Use Food-Grade Filaments – Also known as PLA, it’s a biodegradable filament made of cornstarch derivatives. You can use it to print cookie cutters at a low temperature of 158°F (75°C). One of the best things about PLA is that it rarely deforms during cooling. It happens to exude a sweet scent, too!
If it’s one-time-use, both ABS and PLA are perfectly safe for use as a cookie cutter. The “food safety” of 3D printed parts is fairly controversial. In fact, whether any particular material is approved by regulators (such as the US FDA) for food contact is much more complex than most people realize.
How do you make a 3D printer food safe?
The best option to reduce the risk of particle migration and bacteria buildup is by dip coating the 3D printed parts with a food grade epoxy or polyurethane resin, such as Masterbond’s EP42HT-2FG or ArtResin or an FDA approved PTFE (known as Teflon) to seal their surface.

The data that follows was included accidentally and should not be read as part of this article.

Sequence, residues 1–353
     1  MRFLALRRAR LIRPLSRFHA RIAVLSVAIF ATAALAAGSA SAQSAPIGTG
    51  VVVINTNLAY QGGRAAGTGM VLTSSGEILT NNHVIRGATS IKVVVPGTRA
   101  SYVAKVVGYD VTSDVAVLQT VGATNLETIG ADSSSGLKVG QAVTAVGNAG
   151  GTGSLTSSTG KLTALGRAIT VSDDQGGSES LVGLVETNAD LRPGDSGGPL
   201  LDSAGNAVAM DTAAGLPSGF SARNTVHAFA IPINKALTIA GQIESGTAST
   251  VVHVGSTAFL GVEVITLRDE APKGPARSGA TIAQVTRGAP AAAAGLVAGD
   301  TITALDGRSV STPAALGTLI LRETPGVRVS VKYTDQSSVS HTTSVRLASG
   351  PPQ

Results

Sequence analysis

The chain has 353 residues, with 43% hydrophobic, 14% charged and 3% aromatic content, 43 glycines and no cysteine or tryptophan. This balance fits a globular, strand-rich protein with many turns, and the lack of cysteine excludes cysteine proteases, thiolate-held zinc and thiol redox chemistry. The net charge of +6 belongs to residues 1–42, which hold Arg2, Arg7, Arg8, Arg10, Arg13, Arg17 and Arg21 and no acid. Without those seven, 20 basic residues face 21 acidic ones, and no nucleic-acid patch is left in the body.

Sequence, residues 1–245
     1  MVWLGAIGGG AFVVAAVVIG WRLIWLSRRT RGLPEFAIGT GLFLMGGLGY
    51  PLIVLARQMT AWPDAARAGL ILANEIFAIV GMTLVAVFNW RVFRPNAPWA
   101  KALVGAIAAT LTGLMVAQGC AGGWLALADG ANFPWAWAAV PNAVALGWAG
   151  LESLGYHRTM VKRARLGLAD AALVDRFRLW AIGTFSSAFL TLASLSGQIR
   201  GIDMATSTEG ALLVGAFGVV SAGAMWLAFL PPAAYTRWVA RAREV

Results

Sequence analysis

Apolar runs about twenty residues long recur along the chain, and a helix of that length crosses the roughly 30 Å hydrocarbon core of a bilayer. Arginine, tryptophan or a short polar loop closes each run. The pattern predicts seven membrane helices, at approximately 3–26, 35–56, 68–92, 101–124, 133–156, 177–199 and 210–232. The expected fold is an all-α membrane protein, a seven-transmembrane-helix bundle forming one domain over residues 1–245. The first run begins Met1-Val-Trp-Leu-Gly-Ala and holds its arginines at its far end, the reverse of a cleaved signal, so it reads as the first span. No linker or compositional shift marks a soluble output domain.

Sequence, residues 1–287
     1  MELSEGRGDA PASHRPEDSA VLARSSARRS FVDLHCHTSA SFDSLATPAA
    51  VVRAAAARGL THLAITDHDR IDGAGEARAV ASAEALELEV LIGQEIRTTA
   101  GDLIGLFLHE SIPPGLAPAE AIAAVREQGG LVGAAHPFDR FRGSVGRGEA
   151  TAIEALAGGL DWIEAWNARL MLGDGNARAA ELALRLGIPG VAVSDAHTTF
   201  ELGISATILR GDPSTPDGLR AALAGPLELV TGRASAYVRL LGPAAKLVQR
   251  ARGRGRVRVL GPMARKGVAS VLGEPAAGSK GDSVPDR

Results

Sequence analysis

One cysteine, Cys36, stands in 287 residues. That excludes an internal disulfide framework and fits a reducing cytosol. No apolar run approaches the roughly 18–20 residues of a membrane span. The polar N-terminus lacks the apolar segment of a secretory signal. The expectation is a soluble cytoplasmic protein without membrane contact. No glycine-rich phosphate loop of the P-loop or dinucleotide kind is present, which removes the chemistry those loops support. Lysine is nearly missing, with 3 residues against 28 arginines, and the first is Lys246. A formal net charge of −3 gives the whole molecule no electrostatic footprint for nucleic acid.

The secret is just to dry out your cookie cutters the best you can on a towel, or even on a rack in the oven for a while. And then all you need to do to is dust your cookie cutters with cornstarch before putting them back into storage.
Plastic cookie cutters can go on the dishwasher’s top rack but tin-plate and copper cutters need a little bit more TLC; specifically, they need to be completely dried, lest they rust. Unless you want to have a cutter does not rust which is the “stainless steel” cutters, with hassle-free.
Ann Clark’s tin-plated steel cookie cutters are NOT dishwasher safe! To clean and prevent rust, hand wash and dry immediately.
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